• matt

    What a civilized world we live in when we have to add the modifiers “Americans” and “without legal review” to the question “Should the president have the authority to kill?” in order to make the question debatable. No, with or without the modifiers.

    If the nutjob in Aurora had shot a up a midnight screening of batman at a maximum security prison or in Iran it seems some folks would brand him a hero.

  • kim

    As the question is written, the answer pretty much HAS to be “No”, doesn’t it? There HAS to be some kind of process or the president could order anybody he/she wanted to killed. THAT certainly isn’t acceptable.

    We are dealing with a situation that the founders didn’t exactly for see. I think we need to take the time to sort out what’s right and what’s wrong before we head any further down that road. I’d like to suggest that there might be circumstances where a person’s behavior might make it appropriate that they LOSE their citizenship. If you take up arms against your country, seems to be you choose to join “the other side’, what ever that may be. I’m not sure I see a difference between going after someone with a drone or with an infantry division, from an ethical point of view. We are SUPPOSED to have a process to control THAT, if Congress had the guts to do it’s job and actually declare wars.

    Steve the scenic had an excellent point about who’s a combatant and who isn’t. What goes around comes around.

  • JasonB

    Sounds like a legal question, and I’ll leave that to the lawyers. But it’s unfortunate that sometimes the law is what we rely on to enforce morality.

    All war is obscene. People try to justify acts of war and related actions like drone attacks by saying that deadly force is sometimes necessary (easy to say when you’re not in the line of fire). Warfare should be in a constant state of scrutiny and justification. No war or deadly action gets a pass just because we believe it’s unavoidable.

  • georges

    “US citizens are routinely killed by police, FBI, sherrifs, state-troopers and fellow citizens….”

    Only when the criminal is murdering or attempting to murder, or threatening to murder, and does not comply with an order to stop.

    Not at all comparable to a president ordering U.S. citizens to be murdered at his request. Apples and oranges.

    No police officer, at any level or any Department, or the president, has any more rights to break the law, or to use force to stop felonious behavior, than regular citizens do.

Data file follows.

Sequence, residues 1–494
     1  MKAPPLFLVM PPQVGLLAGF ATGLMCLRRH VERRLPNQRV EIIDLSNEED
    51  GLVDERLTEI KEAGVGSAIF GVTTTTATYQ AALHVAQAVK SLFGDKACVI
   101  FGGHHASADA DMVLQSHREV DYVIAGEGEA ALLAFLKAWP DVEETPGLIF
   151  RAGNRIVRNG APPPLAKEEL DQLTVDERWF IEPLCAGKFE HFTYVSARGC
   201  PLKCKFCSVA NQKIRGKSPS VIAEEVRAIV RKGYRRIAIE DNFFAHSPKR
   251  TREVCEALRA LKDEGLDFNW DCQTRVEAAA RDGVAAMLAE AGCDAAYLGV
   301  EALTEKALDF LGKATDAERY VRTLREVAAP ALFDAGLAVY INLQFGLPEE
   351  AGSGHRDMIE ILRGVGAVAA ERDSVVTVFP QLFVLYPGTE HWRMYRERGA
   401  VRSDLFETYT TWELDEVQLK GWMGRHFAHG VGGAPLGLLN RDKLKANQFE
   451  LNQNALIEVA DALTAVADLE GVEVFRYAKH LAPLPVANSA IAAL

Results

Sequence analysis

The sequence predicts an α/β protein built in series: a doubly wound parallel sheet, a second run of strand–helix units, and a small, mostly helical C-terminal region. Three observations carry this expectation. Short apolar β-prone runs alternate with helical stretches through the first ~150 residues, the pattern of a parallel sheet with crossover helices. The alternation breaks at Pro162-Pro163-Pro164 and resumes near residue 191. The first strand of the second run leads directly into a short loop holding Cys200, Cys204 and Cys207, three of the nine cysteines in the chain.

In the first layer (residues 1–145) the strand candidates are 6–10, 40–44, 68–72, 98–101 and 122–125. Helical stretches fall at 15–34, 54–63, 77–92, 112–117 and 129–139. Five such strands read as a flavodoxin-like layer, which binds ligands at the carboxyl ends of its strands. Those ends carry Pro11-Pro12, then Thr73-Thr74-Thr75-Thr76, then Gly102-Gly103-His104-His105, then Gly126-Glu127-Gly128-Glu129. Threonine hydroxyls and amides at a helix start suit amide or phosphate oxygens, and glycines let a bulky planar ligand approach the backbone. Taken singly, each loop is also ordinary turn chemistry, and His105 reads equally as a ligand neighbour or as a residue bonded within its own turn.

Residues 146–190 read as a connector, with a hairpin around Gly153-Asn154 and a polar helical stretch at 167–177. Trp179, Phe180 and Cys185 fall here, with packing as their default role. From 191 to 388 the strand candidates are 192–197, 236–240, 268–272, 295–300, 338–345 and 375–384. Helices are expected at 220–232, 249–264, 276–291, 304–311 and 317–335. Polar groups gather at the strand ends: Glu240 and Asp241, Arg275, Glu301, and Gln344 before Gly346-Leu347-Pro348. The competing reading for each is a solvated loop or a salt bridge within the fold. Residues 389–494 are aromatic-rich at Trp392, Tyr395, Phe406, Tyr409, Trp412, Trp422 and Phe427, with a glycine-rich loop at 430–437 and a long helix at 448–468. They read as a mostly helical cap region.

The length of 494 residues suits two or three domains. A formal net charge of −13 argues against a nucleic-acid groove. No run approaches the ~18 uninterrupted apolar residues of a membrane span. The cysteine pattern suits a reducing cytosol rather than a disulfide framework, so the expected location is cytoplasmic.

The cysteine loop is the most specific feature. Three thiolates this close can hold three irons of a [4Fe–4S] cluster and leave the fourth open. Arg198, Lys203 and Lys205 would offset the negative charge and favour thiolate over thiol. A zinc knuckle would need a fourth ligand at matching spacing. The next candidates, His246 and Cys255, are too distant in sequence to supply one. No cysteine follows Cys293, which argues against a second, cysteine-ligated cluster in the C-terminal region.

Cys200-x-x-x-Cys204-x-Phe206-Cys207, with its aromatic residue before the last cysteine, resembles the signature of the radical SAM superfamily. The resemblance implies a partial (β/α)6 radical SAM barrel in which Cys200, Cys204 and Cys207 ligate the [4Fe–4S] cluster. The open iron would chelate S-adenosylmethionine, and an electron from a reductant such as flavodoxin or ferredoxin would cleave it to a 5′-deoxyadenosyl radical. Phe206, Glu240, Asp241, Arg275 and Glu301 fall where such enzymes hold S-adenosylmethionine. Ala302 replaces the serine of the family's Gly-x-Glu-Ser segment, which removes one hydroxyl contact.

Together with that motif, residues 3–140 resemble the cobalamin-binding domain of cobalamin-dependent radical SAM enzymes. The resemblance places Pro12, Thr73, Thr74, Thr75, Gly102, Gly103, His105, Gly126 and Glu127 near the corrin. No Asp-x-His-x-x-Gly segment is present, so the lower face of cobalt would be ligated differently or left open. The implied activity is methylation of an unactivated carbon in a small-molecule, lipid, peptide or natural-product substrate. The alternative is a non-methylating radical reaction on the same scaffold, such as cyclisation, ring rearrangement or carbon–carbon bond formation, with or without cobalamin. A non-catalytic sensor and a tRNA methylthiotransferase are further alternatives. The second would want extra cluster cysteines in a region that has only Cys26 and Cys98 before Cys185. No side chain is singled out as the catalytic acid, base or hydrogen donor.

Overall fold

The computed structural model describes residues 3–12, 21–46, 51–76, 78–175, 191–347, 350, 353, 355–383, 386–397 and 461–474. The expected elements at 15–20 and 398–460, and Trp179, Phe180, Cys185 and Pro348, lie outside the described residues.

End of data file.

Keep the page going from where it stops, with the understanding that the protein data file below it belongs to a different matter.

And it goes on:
• jockamo

    “There HAS to be some kind of process or the president could order anybody he/she wanted to killed. THAT certainly isn’t acceptable.”

    Sure it is. Acceptable, that is. Not lawful or legal, but acceptable. The Redneck president, Billy Bob Boy Clinton, one month into his presidency, set the precedent for murdering U.S. Citizens when he and his henchwoman, Janet Reno, attacked and murdered approx 100 Citizens in their home. Men, women, and CHILDREN, all innocent, none trying to harm anybody.

    Clinton and Reno have never been charged with any of the more than 1,000 felonies they committed. Few people even had the backbone to be outraged. We, unfortunately, let our top employees get away with all kinds of things. Even murder.

  • Jim G

    My gut says no. There needs to be a process to determine the probable guilt of Americans leaving our territory and going rogue. If American citizens take up arms against our government and other citizens, they need know they will be held accountable for their treason. I don’t know what the process should be, but it should convince a unbiased judge of imminent danger.

  • Jamie

    ”murdering U.S. Citizens when he and his henchwoman, Janet Reno, attacked and murdered approx 100 Citizens in their home.”

    Do you mean David Koresh and the Branch Davidians in Waco, TX? That’s BULL. Koresh and his wacko right-wing extremist followers were totally responsible for those deaths, and for the deaths of several FBI or ATF agents. Koresh sexually abused girls and had an arsenal of over 200 weapons, including machine guns and grenades. He and his sick followers fired the first shots on the agents when they tried to serve a search warrant. Many days later, Koresh and his goons started several fires and shot many of their own people.

    Six surviving Davidians were charged and convicted of voluntary manslaughter and weapons charges. They appealed all the way to the Supreme Court and lost. When Davidian families tried to sue the government, they lost that too, through several different courts, and the Supreme Court refused to hear their appeal. The case was also reviewed at least a couple different times by Congressional committees who found the Davidians at fault. So there have been LOTS of reviews and critiques of the incident, and still the right-wing wacko extremist conspiracy theories abound because they want to be governed only by their god and their psychopathic leaders.

  • Matt

    No one should have the right to end a human life. I don’t think Gandhi, Christ or Buddha would advocate killing. If there is the possibility to detain dangerous people without harming them or others, we must take the necessary steps. Financially, it is less expensive to keep a criminal alive. Morally, it is the right thing to do. Vindictively, a life-time of slavery is worse than death.